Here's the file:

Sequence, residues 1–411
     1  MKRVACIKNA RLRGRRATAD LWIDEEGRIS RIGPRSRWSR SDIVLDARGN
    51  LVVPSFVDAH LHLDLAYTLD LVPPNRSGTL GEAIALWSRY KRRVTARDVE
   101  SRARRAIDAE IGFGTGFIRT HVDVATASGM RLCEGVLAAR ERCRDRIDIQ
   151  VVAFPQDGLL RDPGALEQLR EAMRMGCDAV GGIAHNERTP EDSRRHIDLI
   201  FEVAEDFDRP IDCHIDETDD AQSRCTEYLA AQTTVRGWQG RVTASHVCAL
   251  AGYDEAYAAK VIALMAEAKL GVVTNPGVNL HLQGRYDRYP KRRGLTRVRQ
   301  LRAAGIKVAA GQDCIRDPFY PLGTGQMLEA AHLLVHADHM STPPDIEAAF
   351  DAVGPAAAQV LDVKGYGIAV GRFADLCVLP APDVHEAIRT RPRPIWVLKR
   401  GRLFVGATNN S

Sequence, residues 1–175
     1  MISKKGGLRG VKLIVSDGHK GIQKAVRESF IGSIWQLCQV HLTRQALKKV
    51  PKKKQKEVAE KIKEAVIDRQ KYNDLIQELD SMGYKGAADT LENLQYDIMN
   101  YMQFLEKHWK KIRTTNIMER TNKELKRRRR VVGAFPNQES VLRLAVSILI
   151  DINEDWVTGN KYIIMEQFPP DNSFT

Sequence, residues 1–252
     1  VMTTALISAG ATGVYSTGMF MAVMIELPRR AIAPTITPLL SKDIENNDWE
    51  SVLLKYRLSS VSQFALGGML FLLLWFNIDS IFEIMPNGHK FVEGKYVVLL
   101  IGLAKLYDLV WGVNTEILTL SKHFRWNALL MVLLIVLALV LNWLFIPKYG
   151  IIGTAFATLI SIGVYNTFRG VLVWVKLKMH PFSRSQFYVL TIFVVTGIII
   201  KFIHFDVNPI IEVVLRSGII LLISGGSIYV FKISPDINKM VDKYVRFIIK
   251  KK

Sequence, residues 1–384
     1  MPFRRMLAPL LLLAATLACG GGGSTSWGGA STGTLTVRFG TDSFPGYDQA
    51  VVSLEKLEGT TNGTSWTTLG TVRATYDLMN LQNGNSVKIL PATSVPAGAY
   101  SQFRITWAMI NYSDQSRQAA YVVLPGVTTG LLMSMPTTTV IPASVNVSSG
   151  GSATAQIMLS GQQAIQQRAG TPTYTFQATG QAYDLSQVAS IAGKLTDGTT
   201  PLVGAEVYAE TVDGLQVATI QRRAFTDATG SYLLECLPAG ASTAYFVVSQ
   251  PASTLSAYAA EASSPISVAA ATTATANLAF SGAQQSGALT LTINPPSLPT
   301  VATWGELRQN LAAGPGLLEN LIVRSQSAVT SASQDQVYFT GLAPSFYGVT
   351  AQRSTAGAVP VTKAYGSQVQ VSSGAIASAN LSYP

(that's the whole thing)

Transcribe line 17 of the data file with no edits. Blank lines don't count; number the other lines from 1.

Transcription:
     1  VMTTALISAG ATGVYSTGMF MAVMIELPRR AIAPTITPLL SKDIENNDWE